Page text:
NOTES: Rookie tackle Smith proving best in class

Sep 11, 2022; Arlington, Texas, USA; Dallas Cowboys offensive tackle Tyler Smith (73) blocks Tampa Bay Buccaneers defensive end Logan Hall (90) during the game at AT&T Stadium. Mandatory Credit: Kevin Jairaj-USA TODAY Sports

NOTES: Rookie tackle Smith proving best in class

While you won’t hear his name listed among the favorites for offensive rookie of the year, Cowboys offensive lineman Tyler Smith has had a season worthy of a mention.

Smith started all 17 regular season games and the one playoff game, playing just over 98% of a possible 1,162 snaps this season while moving from guard to tackle to guard and back to tackle again.

“It is just a testament to our preparation,” Smith said. “How our coaches prepare us for the games. We get reps in practice. I got mainly guard reps this past two weeks. But, just staying keyed in because anything can happen. You have to be ready for any situation.”

Smith was the sixth offensive tackle to be taken in the first round of last year’s draft, behind Ikem Ekwonu, who went to Carolina at six; Evan Neal, who went to the Giants at seven; Charles Cross, who went to Seattle at nine; Kenyon Green, who went to Houston at 15 and Trevor Penning, who went to New Orleans at 19.

Looking at some of the key numbers for all six tackles, one could argue that Smith might be the first tackle off the board on a redraft.

“What he has done is remarkable,” Cowboys head coach Mike McCarthy said about Smith. “I go back through the years; I don’t know that I’ve ever seen a rookie; I mean, the only rookie that I recall is Will Shields. He started in 1993 and played at Tampa. I think he got in in the second quarter, third quarter as a rookie and started the rest of the year. I think he started the next 16 years in a row after that. That is the only young lineman that I recall that played right away and played at a very high level. What makes Tyler even more special, he has done that at two positions.”

Smith leads the group in snaps, 1,144, while only Cross (1,088) and Ekwonu (1,018) crossed the 1,000-play threshold. He has been called for 13 penalties, with 10 being accepted, or one every 114 snaps, which is good enough for third among the group behind only Neal (1-123) and Green (1-117.5).

Smith has been credited with six sacks allowed this season, which is one every 190 snaps, good for second in the group behind only Green (1-205) and just ahead of Ekwonu (1-169). All while blocking quarterback Dak Prescott’s blindside.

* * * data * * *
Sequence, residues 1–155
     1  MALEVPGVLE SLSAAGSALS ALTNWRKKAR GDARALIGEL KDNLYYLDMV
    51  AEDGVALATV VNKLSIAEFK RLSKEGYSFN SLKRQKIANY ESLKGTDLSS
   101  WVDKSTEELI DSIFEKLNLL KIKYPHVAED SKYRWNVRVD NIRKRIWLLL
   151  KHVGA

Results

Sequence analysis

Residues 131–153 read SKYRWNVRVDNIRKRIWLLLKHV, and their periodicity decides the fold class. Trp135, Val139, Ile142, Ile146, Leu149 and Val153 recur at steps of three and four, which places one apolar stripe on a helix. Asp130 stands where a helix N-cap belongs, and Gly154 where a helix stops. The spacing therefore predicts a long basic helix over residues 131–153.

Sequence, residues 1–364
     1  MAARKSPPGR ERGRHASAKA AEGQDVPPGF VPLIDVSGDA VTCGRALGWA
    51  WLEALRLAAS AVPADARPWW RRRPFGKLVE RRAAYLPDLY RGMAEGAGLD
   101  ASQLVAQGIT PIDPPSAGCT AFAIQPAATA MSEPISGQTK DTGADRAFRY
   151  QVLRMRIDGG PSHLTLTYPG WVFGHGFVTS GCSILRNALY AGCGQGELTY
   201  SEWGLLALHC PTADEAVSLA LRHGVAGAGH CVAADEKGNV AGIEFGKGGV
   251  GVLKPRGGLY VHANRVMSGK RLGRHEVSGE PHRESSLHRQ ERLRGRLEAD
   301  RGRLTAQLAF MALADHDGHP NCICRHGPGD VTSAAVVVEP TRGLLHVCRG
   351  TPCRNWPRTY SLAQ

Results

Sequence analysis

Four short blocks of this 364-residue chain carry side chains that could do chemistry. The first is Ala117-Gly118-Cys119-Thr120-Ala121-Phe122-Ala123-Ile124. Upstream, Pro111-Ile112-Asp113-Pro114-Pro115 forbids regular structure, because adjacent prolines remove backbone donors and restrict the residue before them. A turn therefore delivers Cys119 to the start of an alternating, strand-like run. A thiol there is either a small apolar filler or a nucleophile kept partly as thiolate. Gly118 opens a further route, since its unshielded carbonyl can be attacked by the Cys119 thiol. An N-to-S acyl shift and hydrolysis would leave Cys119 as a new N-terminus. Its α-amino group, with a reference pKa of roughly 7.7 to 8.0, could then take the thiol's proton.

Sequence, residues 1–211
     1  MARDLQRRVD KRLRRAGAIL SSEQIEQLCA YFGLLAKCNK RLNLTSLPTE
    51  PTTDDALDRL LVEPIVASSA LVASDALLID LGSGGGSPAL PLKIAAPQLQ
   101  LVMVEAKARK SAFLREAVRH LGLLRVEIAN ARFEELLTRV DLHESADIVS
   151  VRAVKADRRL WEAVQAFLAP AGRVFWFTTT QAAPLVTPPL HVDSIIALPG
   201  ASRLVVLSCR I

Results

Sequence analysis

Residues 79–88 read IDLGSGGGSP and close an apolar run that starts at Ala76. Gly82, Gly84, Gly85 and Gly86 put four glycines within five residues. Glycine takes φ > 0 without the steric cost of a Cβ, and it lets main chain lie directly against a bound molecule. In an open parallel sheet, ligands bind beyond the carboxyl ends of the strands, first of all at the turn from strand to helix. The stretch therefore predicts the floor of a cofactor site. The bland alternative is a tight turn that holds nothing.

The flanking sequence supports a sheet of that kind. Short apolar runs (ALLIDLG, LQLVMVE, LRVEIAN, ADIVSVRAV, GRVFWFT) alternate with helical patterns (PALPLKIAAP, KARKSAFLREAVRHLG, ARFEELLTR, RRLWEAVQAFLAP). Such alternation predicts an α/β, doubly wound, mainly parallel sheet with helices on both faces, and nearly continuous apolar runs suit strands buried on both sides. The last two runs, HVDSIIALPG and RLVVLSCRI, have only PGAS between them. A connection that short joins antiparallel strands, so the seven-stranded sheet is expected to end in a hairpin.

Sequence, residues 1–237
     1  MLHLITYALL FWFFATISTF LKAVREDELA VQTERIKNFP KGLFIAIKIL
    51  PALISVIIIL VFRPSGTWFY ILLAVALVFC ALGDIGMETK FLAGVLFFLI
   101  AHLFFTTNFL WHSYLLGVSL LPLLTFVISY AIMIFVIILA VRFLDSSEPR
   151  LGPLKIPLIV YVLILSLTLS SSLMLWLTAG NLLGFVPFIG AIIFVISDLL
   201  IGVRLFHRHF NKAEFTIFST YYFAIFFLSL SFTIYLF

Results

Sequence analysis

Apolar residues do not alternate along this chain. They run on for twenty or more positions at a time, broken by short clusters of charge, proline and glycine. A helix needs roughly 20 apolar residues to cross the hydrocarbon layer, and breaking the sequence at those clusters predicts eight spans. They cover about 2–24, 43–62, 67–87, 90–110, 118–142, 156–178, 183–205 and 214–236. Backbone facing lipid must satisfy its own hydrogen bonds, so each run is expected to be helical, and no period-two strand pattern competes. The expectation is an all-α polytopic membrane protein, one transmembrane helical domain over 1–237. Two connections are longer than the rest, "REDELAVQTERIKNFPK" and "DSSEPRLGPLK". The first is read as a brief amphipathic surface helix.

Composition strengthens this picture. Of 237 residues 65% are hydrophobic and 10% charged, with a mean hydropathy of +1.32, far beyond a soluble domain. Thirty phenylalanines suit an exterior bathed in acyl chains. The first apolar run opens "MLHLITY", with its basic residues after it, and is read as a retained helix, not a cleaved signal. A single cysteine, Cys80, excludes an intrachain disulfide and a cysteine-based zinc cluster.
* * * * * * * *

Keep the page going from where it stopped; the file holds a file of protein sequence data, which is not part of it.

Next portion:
Smith has played so well that when Tyron Smith was ready to return from injury, the Cowboys kept Tyler Smith at left tackle and inserted Tyron Smith back in the lineup at right tackle.

“I love what he brings to the table, super consistent,” McCarthy said. “Another young man that has a high work ethic. He’s up here at 7 a.m. every morning. … Once again, he is off to a great start and has built a heck of a foundation to build off of. He has had a tremendous rookie season.”

Drive for success

The Cowboys did something in Monday night’s win over Tampa Bay that they had done just once all year – score touchdowns on four consecutive offensive drives.

Against the Bucs, Dallas put together four straight touchdown drives that stretched between the second and third quarters that essentially put the game away. Those Cowboys TD drives – seven plays for 80 yards, 15 plays for 80 yards, 11 plays for 91 yards, and eight plays for 86 yards, took a game tied at 0-0 and put it out of reach at 24-0.

“I thought Kellen (Moore) and the play calling, we just stayed true to what we wanted to do,” Cowboys head coach Mike McCarthy said. “I thought (Prescott) played extremely well, stayed aggressive, and took the check downs. I thought he had great command of the offense and excellent presence in the pocket.”

The only other game in which the Cowboys scored touchdowns on four straight possessions came in that wild fourth quarter against Indianapolis that saw Dallas put up 33 points on touchdown drives of 75 yards in 10 plays, 53 yards in three plays, 72 yards in five plays and 29 yards in three plays. The Cowboys had seven offensive touchdown drives in that win over the Colts.